In the News

Recent Coverage of HMS in the News
December 2, 2013

In a new study, researchers chip away again at the traditional view of carbon monoxide as a menace. They found that administering carbon monoxide to cancer cells in a dish could increase the cells’ susceptibility to chemotherapy 1,000-fold, while protecting normal cells. In mice with prostate and lung cancer, carbon monoxide inhibited tumor growth. Leo Otterbein, HMS associate professor of surgery at Beth Israel Deaconess Medical Center, led the research.

December 2, 2013

Until now, there’s been little medical guidance to help cancer patients find foods they can tolerate and maintain a healthy weight. Julie Silver, HMS associate professor of physical medicine and rehabilitation at Spaulding Rehabilitation Hospital, is quoted.

December 1, 2013

Scientists who dared to waste their time looking at the midbody, a remnant of cell division, have catapulted the organelle to new prominence. Tim Mitchison, the Hasib Sabbagh Professor of Systems Biology and deputy chairman of the Department of Systems Biology at HMS, is quoted.

December 1, 2013

Prayer and belief that God has a plan could lead to better outcomes for psychiatric illness patients receiving short-term treatment, a small new study suggests. David H. Rosmarin, HMS instructor in psychology in the Department of Psychiatry at McLean Hospital, is the lead investigator.

November 30, 2013

A group of researchers has recently identified the first targeted therapy for a specific type of kidney disease, focal segmental glomerulosclerosis, or FSGS. Peter H. Mundel, HMS associate professor of medicine at Massachusetts General Hospital, led the team.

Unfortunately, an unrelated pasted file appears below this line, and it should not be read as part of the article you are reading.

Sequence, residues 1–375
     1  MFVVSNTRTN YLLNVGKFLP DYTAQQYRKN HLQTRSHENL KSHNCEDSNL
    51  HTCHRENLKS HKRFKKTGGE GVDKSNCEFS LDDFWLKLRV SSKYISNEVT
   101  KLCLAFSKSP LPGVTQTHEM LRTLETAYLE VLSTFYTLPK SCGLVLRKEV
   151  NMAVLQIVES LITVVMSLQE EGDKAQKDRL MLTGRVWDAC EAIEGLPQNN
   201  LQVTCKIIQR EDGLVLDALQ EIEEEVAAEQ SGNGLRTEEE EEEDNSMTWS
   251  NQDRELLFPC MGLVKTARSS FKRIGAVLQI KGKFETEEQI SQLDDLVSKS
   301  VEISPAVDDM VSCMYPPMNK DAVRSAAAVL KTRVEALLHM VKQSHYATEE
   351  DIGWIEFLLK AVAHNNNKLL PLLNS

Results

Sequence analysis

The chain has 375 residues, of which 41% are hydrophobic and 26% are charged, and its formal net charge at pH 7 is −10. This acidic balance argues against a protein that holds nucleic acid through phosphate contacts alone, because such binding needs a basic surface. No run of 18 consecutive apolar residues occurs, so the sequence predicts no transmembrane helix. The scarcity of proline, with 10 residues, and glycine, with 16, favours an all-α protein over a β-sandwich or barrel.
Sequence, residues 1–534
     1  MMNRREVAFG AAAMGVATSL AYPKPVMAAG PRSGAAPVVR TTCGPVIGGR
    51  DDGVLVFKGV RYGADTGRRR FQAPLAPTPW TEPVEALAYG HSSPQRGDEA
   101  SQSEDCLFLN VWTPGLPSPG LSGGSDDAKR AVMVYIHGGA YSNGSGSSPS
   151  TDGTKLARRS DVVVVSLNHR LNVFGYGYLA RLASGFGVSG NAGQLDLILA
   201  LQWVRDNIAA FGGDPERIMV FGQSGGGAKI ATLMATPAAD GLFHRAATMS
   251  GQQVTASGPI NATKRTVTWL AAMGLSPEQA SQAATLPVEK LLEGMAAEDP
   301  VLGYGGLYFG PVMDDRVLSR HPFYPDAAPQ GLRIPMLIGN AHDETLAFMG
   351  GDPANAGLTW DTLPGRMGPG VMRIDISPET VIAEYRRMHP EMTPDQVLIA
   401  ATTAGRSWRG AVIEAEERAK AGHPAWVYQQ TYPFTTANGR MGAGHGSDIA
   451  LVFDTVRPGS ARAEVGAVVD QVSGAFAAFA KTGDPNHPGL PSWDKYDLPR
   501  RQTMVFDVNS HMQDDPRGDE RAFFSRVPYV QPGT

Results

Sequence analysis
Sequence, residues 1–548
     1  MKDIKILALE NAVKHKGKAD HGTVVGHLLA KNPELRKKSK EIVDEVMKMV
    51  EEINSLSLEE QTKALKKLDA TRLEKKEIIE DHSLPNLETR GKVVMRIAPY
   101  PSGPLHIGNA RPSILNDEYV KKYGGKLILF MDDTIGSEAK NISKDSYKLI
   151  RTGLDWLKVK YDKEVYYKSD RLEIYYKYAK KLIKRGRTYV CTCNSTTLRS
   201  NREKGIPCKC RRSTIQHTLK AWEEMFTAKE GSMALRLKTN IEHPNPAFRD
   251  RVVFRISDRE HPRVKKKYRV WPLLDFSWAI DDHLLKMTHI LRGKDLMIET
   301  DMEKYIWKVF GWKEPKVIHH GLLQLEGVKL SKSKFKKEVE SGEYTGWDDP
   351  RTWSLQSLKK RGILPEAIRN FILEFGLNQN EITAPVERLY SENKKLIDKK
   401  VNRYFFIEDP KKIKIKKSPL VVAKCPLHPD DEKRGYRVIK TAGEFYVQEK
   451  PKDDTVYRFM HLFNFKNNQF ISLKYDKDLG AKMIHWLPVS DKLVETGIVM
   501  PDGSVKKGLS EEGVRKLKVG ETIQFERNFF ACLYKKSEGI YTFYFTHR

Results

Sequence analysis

November 28, 2013

The days of scrawled doctor’s notes are slowly coming to a close. In the United States, 93 percent of hospitals are now using at least some electronic medical records and 2.2 percent have given up paper records completely, according to a new report. Robert C. Green, HMS associate professor of medicine at Brigham and Women’s Hospital and Daniel MacArthur, HMS assistant professor of medicine at Massachusetts General Hospital, are quoted.

November 25, 2013

A new Cambridge life-science company aims to develop therapies that can put troublesome genes under the knife, so to speak, cutting out bad DNA like a scalpel excises bad tissue. Cofounders of the company include George Church, HMS professor of genetics and member of the Wyss Institute, and Keith Joung, director of the molecular pathology unit at Massachusetts General Hospital.

November 22, 2013

While doctors routinely perform vitamin D blood tests during annual physicals, many of the 70 to 90 percent of African Americans who are diagnosed as vitamin D deficient may actually have healthy levels and could be taking supplements unnecessarily. Ravi Thadhani, HMS
professor of medicine at Massachusetts General Hospital, is the senior author of the study.

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